Australian Central Bank Keeps Interest Rate at 7.25%


The Reserve Bank of Australia left interest rates unchanged today for the first time in three months as it gauges fallout from a global credit squeeze that has forced central banks around the world to cut borrowing costs.

Governor Glenn Stevens kept the overnight cash rate target at 7.25 percent in Melbourne, after quarter point increases in March and February to cool the fastest inflation since 1991.

The nation's currency fell as investors bet Stevens' next move may be to cut borrowing costs as the economy slows in the face of the worst stock market slump in 20 years and waning consumer confidence. Stevens said the benchmark rate is now ``appropriate'' to slow the fastest inflation rate in almost two decades.

Today's rate decision follows the first back-to-back monthly increase in more than four years on March 4. The Reserve Bank has added 100 basis points to Australia's benchmark rate since August, even as counterparts in the U.S., Canada and U.K. cut borrowing costs to cushion their economies from slowing global growth.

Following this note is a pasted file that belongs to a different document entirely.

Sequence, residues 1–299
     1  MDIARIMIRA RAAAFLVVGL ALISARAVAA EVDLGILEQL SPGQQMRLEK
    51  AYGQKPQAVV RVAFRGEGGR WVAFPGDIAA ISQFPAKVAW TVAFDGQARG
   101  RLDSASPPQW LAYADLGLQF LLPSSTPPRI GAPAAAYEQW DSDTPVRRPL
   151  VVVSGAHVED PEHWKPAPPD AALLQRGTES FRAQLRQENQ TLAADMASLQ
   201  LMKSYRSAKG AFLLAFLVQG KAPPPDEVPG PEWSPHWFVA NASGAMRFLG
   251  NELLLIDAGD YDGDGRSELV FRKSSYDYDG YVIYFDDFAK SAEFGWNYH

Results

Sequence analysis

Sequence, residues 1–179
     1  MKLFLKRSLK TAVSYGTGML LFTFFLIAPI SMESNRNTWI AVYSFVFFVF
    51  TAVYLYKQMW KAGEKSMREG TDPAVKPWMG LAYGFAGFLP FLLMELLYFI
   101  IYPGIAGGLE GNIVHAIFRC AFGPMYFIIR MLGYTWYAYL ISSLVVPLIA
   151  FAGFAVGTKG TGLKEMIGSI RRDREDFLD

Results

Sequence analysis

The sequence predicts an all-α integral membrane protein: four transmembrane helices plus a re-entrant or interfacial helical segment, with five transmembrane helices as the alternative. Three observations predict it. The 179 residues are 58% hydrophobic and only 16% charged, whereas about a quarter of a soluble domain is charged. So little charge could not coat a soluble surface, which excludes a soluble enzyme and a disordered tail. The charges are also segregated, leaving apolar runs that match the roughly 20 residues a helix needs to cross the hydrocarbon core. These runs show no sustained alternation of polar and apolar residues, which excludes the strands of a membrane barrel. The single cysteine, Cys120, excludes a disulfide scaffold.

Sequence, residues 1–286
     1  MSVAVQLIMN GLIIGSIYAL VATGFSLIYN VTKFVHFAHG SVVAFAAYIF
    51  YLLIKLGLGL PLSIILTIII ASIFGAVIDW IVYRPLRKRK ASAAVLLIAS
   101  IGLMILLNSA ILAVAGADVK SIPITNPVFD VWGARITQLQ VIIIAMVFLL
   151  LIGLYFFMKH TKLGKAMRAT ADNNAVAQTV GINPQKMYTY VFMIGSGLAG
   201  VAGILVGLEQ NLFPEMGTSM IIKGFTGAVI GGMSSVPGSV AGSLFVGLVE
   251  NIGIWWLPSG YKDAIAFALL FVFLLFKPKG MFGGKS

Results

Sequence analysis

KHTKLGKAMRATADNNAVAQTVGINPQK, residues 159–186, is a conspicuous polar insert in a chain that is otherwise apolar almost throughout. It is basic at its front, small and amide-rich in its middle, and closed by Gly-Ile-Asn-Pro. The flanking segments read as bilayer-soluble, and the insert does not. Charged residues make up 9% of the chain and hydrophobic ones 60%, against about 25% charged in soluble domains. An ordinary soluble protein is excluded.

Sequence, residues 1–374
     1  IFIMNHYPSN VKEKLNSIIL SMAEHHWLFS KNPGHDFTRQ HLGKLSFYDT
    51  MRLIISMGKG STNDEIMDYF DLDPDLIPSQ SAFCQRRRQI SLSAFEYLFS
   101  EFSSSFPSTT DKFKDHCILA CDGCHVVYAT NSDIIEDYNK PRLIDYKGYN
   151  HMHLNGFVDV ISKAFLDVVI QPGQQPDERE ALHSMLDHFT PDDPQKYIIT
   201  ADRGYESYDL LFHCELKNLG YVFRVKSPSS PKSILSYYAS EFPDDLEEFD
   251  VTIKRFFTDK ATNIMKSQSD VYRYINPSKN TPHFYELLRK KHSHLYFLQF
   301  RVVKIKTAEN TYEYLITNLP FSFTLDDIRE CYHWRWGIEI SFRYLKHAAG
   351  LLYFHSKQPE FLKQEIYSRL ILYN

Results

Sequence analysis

Australia's All Ordinaries Index slumped 16 percent in the three months to March 31, the worst quarter since the end of 1987, when it tumbled 41 percent. The benchmark S&P/ASX 200 Index, which dates back to 1992, has lost the same amount to record its worst quarter.

Surging mortgage costs, as well as higher fuel and food prices, are forcing consumers and businesses to review spending plans. Sales of newly built homes fell in February, a report showed yesterday.

Retail-sales growth stalled in January after rising for seven months, consumer confidence plunged to the lowest level in almost 15 years in March, and business sentiment in February held close to the weakest level since the September 2001 terrorist attacks.

Growth in Australia's $1 trillion economy slowed to 0.6 percent in the December quarter from the previous three months, when it expanded 1.1 percent.

Concern that the lowest unemployment in 33 years, and an economic expansion now in its 17th year, are stoking inflation was a key reason the central bank raised the benchmark rate by 25 basis points last month.

Annual core inflation surged to 3.8 percent in the fourth quarter, the fastest pace since 1991. The government will publish its first-quarter consumer prices report on April 23.


TradingEconomics.com, Bloomberg
4/1/2008 7:02:32 AM